I just finished reading Jules Verne’s Paris in the Twentieth Century about fifteen minutes ago. This book was quite surprising, for Verne is now much more well-known for his adventure stories, like Around the World in Eighty Days and 20,000 Leagues Under the Sea.
In fact, there is a reason that this book remained unknown until the 1990s… his publisher, Hetzel, ironically rejected it as being too unbelievable. Far too unbelieveable to us is this verdict, for in Verne’s Paris of 1961, we see Paris with a working Metro, with electric lights and tap water everywhere, gas automotives and spun-metal clothing, elevators and fax machines and wind power and electrocution as the main form of execution of criminals. Alright, that’s the geek-out part of the book; the rest of the book, as Julian Barnes notes in his New York Times review of the book, is less than accurate, for as he reminds us, futuristic predictions usually tell us about the time when they were penned far more than they tell us about the future.
The world of Verne’s Paris, in 1961, is a world where art and literature is dead, and science and business has ascended to the most powerful position in the world. The whole of the culture has become subservient to science, and poetry is a forgotten art. While some of (many of?) the authors Verne laments in their forgottenness do seem to be rather less than well-known now, this was also probably true of many writers a century before Verne who were not read in his time. And Verne is dead wrong when he thinks that writers like Balzac, Hugo, and Moliere might go unread in the twentieth century.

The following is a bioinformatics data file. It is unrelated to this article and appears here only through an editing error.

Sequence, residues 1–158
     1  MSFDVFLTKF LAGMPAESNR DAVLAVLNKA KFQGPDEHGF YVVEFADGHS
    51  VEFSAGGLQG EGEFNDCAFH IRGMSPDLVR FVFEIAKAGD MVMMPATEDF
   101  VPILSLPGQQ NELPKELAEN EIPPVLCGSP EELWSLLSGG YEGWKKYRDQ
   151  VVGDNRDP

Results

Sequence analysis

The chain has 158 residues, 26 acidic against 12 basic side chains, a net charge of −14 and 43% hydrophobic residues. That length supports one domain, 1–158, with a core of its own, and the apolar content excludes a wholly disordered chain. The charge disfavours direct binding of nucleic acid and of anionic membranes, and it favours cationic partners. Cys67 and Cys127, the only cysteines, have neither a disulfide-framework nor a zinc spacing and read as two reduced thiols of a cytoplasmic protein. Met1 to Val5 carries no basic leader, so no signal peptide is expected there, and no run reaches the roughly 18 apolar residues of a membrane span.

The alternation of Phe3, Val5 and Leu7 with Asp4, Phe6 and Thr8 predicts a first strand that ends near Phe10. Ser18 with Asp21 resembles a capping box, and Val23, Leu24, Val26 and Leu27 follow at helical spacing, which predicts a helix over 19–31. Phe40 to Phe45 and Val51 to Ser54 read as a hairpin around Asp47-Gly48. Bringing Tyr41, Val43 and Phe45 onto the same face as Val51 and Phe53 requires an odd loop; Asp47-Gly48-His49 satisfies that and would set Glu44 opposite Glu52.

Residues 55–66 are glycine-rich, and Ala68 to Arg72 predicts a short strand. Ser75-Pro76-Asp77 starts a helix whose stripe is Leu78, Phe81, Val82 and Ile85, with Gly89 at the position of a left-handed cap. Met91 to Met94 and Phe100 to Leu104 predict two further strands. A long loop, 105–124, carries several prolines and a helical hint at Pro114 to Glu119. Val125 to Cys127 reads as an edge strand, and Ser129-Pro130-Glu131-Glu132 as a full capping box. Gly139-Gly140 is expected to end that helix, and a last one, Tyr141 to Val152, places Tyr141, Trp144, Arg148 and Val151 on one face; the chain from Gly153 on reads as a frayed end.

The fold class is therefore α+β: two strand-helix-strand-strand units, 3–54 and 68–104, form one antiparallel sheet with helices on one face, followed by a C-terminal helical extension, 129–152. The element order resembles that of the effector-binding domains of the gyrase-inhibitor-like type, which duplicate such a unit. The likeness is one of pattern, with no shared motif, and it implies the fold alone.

I am tempted not to dismiss what he says about the death of the arts in the public sphere (for the productions of Verne’s imagined Grande Entrep? Dramatique looks to me a lot like television, if a mite too fanciful in terms of its innner mechanics and specializations), I have to agree with Barnes that Verne fundamentally miunderstands humans when he imagines a fully depoliticized world:
But who bothers with politics now? Foreign policy? No, war is no longer possible, and diplomacy is old-fashioned! Domestics policy? Dead calm!
However, Verne is dead correct when he says of soldiers that they have merely “become mechanics” in the future. In any case, this is the first novel of Verne’s that I have read, so I am not certain how I might compare it to his more famous works, which I would like to read now. Perhaps it’s just the fact that I am interested in the kinds of utopias and dystopias that people imagine, and that this book is a literati’s dystopia more than anything, but I think it’s worth a read.
Here’s a review and another and another (hosted on the same site). And here’s a FAQ on Verne. Finally, in his Catscan columns Bruce Sterling wrote some wonderful stuff about the relationships between Verne and modern SF, as well as some interesting stuff about Verne himself: see Midnight On The Rue Jules Verne and Return to the Rue Jules Verne. If you like that, here are a bunch of resources on Sterling which I just found while seeking out those articles.